Ryan Grim had a nice scoop over the weekend: He uncovered a September 2008 letter from AIG's SEC filing in which Edward Liddy talks about the company's bonuses (or some portion of the bonuses). According to the Liddy letter, AIG committed to paying the bonuses even if the company experiences a "Change in Control":
I'm pleased to award you a Special Cash Retention award of $[•], payable in two installments of $[•] and $[•], on or about December 31, 2008 and December 31, 2009. Additional terms of the award are set forth at the end of this letter.
in the event the AIG entity that is your employer (the "Company") experiences a Change in Control (e.g., consummation of a merger, consolidation, statutory share exchange or similar form of corporate transaction involving the sale or other disposition of all or substantially all of the Company's assets to an entity that is not an affiliate of the Company), AIG guarantees the payment of the 2008 Special Cash Retention award on the dates and under the conditions specified above.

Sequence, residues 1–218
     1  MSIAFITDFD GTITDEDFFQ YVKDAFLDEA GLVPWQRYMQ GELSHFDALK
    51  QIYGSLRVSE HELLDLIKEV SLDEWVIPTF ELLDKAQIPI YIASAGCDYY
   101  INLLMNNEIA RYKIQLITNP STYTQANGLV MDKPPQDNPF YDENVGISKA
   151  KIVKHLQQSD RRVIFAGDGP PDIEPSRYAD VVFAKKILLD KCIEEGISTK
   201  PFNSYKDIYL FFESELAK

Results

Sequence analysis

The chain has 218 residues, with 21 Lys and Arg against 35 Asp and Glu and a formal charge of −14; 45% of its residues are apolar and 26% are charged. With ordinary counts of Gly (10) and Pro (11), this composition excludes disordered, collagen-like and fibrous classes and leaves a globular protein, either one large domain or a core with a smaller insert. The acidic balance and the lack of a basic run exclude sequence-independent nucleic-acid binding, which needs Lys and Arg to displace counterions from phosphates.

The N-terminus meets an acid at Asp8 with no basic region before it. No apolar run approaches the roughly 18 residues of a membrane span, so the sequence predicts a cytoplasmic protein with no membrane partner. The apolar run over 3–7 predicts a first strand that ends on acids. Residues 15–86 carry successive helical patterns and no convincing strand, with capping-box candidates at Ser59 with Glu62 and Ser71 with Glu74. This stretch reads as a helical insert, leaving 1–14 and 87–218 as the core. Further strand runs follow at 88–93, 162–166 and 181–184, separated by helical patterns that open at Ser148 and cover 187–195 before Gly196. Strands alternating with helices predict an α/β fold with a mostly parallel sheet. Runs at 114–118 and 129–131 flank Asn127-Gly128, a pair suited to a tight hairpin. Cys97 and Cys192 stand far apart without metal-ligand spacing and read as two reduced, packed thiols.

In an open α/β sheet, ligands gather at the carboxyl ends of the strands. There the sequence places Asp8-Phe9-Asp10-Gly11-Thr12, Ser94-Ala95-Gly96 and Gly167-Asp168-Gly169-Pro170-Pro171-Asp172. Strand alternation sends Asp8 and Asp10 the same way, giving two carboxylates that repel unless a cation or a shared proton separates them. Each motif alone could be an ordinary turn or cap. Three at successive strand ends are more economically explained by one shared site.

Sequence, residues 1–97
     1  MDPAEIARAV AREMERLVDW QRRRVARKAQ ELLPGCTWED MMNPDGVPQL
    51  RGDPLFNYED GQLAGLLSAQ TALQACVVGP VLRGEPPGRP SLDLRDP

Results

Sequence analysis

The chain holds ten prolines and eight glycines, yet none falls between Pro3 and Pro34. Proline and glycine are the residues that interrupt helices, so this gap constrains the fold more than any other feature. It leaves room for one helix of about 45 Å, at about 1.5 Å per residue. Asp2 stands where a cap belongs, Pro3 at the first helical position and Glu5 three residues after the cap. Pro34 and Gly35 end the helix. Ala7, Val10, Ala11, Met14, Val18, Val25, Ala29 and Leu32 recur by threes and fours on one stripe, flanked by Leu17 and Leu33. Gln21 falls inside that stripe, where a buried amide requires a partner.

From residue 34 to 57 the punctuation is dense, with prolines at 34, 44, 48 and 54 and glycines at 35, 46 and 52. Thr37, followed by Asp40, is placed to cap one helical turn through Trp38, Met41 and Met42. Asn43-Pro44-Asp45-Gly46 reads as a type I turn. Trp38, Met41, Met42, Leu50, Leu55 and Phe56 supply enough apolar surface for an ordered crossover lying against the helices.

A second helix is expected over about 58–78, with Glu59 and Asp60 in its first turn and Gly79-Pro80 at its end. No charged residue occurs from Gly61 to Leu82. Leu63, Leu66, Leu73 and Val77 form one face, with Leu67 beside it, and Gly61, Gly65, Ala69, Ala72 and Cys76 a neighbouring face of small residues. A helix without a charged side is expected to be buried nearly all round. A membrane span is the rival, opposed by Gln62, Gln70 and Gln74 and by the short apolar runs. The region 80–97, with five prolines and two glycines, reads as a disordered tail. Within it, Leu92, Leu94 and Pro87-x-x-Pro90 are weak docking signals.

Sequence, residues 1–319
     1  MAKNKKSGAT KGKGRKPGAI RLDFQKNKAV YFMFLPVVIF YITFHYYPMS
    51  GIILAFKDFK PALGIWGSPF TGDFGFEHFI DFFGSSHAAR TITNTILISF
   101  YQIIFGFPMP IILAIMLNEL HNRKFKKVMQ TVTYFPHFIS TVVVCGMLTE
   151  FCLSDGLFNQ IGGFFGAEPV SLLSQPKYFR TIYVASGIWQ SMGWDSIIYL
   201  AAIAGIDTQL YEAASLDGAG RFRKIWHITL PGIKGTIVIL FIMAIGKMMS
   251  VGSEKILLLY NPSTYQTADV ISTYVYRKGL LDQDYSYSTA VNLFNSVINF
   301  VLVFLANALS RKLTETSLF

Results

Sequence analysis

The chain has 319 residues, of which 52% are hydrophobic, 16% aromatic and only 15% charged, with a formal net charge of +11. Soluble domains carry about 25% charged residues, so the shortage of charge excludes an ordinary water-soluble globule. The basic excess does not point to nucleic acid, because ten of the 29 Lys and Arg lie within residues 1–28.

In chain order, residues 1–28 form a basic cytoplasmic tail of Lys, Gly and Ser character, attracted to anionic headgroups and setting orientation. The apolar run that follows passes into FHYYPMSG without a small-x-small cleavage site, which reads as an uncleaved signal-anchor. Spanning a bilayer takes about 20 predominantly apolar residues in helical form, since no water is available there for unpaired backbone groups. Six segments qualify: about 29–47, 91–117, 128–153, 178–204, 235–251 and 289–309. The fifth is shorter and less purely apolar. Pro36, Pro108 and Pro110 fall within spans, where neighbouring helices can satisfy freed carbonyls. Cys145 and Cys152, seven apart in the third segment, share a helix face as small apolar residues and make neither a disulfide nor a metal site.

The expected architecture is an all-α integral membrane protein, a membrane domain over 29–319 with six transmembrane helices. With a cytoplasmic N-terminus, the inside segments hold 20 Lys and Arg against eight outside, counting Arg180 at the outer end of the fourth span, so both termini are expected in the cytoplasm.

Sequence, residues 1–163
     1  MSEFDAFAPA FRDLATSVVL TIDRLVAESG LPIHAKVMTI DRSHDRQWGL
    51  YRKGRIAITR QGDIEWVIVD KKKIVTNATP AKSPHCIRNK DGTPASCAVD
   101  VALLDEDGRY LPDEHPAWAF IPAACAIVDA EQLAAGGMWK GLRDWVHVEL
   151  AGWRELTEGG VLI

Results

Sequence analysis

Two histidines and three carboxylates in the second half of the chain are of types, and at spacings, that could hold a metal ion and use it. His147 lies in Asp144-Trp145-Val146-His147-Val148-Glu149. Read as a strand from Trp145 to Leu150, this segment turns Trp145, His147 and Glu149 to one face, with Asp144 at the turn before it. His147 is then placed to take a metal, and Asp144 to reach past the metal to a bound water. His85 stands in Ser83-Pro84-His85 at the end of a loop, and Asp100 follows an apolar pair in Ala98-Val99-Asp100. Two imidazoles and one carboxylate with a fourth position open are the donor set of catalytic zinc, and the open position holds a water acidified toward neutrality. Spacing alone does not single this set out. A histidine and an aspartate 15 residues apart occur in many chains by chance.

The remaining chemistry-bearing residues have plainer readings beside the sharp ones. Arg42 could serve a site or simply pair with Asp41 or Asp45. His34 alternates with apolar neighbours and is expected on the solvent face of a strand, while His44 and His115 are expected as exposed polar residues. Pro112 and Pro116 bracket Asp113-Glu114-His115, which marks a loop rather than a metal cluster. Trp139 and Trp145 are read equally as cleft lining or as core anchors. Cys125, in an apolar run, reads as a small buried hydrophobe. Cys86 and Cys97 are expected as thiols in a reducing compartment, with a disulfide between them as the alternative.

I find two things about this letter interesting. One is that the letter is dated after the government takeover. But Liddy's argument has been that the controversial bonuses were approved before he was CEO. So does that mean these bonuses are something different? Here's Liddy in the Washington Post:
What also became clear is that once AIG's relationship with the government and taxpayers changed, our behavior as a company needed to change. [...] Make no mistake, had I been chief executive at the time, I would never have approved the retention contracts that were put in place more than a year ago. It was distasteful to have to make these payments. But we concluded that the risks to the company, and therefore the financial system and the economy, were unacceptably high.
Second, Liddy's letter is explicitly NOT guaranteeing the 2009 bonuses. Buy the company has previously made the argument that it is legally obligated to pay its previously awarded bonuses, of which this seems to be one. (From the AIG white paper on compensation: "Outside counsel has advised that AIG is legally obligated to pay and, under applicable law, risks a doubling of the amount owed as a penalty.") So what will happen to the bonuses that are supposed to be awarded in December of 2009? According to the SEC report, the company and the Department of Treasury are negotiating.